An poorly-educated house-wife fights companies polluting her hometown's water-table in up-state New York during the 1970's.An poorly-educated house-wife fights companies polluting her hometown's water-table in up-state New York during the 1970's.An poorly-educated house-wife fights companies polluting her hometown's water-table in up-state New York during the 1970's.
Lois Gibbs never expected to be living the American Dream at 24 years of age, able to afford to live in a home in the seemingly perfect suburb of Love Canal, Niagara Falls. Still, life isn't going so great, her kids and neighbors are falling ill and she has no idea why, until she learns of the sinister secret lurking underground, a cover-up from a chemical factory that buried several tonnes of hazardous waste underground there during the 1940's. After discovering she's living right on top of a toxic waste dump, Lois attempts to stand up for the rights of the citizens of Love Canal, but finds it difficult to get anyone to listen. —GasmaskProductionsBooks
Under-appreciated TV-movie starring a first-rate actress...
When Marsha Mason stopped making movies on a regular basis (television or otherwise), the world of cinema lost a great natural dramatic resource: feisty, fiery, forthright, and intensely human, Mason gets down to the grit of her characters and makes them approachable, companionable. This troubling true story about an ordinary, under-educated housewife in late-1970s Niagara Falls, New York--who almost accidentally became the spearhead of a revolt by the people against the government and chemical companies who were dumping toxins into their water supply--really needs Mason's spirit to get it over the proverbial red tape and academic detail. The teleplay has been conceived in such didactic terms that every scene plays like another chapter in a medical journal, with one human calamity landing atop another. Lois Gibbs started out fighting for one sick child, and ended up defending family, friends, neighbors, and strangers. She emerges as a true heroine, though this film about her uphill struggle is balky, occasionally talky, and visually ungainly. It also features a barrage of stubborn characters who are nearly rendered unbelievable by their dialogue (such as Gibbs' own husband who, upon hearing a litany of chemical-related travesties described in the newspaper, chalks it all up to media sensationalism!). Nevertheless, an emotionally gripping document in the David-and-Goliath vein, thanks in no small part to Mason's well-displayed heart and courage.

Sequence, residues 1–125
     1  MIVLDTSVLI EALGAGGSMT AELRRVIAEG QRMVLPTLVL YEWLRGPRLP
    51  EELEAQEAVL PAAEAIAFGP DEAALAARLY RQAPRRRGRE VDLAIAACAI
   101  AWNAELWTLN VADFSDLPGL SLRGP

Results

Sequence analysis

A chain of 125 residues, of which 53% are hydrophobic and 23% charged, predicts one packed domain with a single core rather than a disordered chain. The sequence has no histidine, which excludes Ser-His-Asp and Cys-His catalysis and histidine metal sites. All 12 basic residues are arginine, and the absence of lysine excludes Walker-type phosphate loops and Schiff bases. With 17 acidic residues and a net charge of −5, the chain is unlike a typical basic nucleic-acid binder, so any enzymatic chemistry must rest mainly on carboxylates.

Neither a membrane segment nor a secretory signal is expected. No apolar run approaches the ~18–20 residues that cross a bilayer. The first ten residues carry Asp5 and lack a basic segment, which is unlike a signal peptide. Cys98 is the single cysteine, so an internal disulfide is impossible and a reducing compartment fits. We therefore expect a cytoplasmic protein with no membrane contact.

- May 31, 2009
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